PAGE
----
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Obama could live up to peace prize

Like many Americans, I thought it was a little strange that Barack Obama won the Nobel Peace Prize after less than a year in office. Like many people, I was of the opinion that Obama hadn't yet earned my vote in 2012, let alone one of the most famous and prestigious prizes in the world.


But after three days of hearing people pretend it's a major scandal, I'm ready to throw up my hands. Enough already.

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Considering its track record, the amount of attention paid to the Nobel Peace Prize is absurd. Yes, the award occasionally goes to a deserving person — Martin Luther King in 1964, Mikhail Gorbachev in 1990, Jimmy Carter in 2002. But the list of recipients reads like a roster of randomly plucked statesmen from the last century; for every name that elicits a nod of approval, there's one that prompts a raised eyebrow.


The single most egregious example may be Henry Kissinger, who shared it with Vietnamese diplomat Le Duc Tho in 1973. If nothing else, we can thank the Nobel Committee for giving Kissinger — a garrulous publicity hound whose most notable ""achievement"" was his role in the illegal 1973 terror bombing of Cambodia — the most undeservedly high reputation of any statesman of the last century.


Then there's Al Gore, the former vice president who shared the prize with the Intergovernmental Panel on Climate Change in 2007. Gore is certainly a good man who deserves to be lauded for his work to raise world awareness of climate change. But what had he done to promote ""fraternity between nations,"" as Alfred Nobel wanted the award to recognize individuals for?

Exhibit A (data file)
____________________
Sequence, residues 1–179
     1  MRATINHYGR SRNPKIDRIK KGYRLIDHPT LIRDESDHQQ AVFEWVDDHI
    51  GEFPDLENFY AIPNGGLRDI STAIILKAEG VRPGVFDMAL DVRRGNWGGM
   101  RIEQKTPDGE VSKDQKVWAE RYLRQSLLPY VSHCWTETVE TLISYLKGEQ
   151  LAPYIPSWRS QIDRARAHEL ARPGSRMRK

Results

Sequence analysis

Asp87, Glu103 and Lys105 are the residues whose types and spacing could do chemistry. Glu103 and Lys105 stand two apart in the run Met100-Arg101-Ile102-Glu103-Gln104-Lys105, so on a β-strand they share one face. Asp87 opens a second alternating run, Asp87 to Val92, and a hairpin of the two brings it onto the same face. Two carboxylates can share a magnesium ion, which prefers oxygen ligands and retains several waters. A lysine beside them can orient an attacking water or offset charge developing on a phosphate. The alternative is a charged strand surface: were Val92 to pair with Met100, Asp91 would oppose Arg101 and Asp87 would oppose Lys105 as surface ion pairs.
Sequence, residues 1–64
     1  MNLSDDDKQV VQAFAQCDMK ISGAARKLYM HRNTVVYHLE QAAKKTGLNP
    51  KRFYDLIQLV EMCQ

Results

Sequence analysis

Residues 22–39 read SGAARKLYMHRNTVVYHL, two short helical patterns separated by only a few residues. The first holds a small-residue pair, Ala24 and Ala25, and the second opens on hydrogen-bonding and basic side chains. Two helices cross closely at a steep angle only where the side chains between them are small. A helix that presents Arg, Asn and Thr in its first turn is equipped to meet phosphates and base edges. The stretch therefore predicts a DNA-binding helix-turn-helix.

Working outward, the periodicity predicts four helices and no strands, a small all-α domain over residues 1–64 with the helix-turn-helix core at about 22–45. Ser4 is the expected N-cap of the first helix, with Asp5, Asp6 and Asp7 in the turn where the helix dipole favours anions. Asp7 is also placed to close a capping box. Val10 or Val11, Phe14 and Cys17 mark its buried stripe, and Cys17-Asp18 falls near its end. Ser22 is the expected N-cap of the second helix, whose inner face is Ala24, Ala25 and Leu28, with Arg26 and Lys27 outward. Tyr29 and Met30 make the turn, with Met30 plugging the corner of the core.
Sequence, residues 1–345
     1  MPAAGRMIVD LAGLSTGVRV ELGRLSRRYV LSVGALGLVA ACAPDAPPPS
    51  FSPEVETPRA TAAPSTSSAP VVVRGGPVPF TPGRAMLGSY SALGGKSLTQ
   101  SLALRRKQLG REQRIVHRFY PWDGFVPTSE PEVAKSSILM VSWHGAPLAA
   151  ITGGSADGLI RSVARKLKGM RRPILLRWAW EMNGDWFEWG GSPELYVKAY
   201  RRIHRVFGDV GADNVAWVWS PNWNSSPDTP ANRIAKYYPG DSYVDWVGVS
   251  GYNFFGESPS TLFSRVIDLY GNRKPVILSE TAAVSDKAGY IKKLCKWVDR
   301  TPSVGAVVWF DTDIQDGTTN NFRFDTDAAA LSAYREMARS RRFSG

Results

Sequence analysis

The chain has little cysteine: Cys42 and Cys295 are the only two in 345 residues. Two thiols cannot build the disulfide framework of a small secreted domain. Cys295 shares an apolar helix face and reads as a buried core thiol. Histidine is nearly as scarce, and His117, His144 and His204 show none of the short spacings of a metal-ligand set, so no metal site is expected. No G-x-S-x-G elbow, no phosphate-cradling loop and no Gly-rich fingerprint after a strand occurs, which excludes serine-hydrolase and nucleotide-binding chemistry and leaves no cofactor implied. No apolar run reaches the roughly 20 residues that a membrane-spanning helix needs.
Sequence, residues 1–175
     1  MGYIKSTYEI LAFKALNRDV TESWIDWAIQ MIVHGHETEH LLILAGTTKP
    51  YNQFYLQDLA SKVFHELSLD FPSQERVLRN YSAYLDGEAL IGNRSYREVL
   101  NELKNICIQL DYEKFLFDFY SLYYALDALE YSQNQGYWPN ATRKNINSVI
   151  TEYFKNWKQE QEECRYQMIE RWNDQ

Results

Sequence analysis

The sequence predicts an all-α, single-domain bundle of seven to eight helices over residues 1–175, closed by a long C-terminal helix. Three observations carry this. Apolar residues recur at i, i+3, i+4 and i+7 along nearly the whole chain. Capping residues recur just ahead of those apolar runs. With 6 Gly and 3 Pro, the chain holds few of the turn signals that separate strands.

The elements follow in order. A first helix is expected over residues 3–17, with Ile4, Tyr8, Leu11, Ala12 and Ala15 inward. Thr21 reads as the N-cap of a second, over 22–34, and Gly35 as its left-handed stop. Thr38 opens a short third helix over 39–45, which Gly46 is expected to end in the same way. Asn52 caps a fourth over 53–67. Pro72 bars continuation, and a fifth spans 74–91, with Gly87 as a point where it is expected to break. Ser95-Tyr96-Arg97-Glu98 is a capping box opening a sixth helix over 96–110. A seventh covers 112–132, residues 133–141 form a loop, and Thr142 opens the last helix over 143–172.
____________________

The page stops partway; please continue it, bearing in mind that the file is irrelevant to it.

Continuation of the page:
Let's not even bother with the 1994 award, which went to Palestinian President Yasser Arafat, Israeli Foreign Minister Shimon Peres and Israeli Prime Minister Yitzhak Rabin ""for their efforts to create peace"" between Israel and Palestine. Yeah, that went pretty well, didn't it?


Why are we so concerned that five Norwegians pick the ""right"" person to recognize, anyway? The Nobel Committee never bothered to recognize, say, Mahatma Gandhi, Eleanor Roosevelt or Václav Havel — to name only three people who surely deserved it more than Kissinger or Gore.


Why not, then, recognize a president whose diplomatic, non-aggressive approach to international relations may well prove revolutionary? No, right-wingers aren't happy that he won. They weren't happy when Carter, Gorbachev or King won, either. They're generally not happy when people who aren't right-wingers win prestigious awards. (Who in their ranks deserved it more than Obama, by the way? Sarah Palin?)


There are undoubtedly other people who deserve to be recognized for their contributions to world peace more than President Obama. But let's not pretend this prize is anything more than an arbitrary decision by a small group of people. In 10 years, this award might look as foolish and short-sighted as the one shared by Arafat, Peres and Rabin. Or the Nobel committee might turn out to have been prescient in recognizing in a young American president qualities that could, given time, develop into something great.


If the Nobel Committee wants to be taken seriously again, they might try giving the prize to obscure, deserving souls for a few years. Until then, complaining about Obama's prize amounts to partisan nit-picking.



— Justyn Dillingham is the arts editor of the Daily Wildcat. He can be reached at arts@wildcat.arizona.edu.


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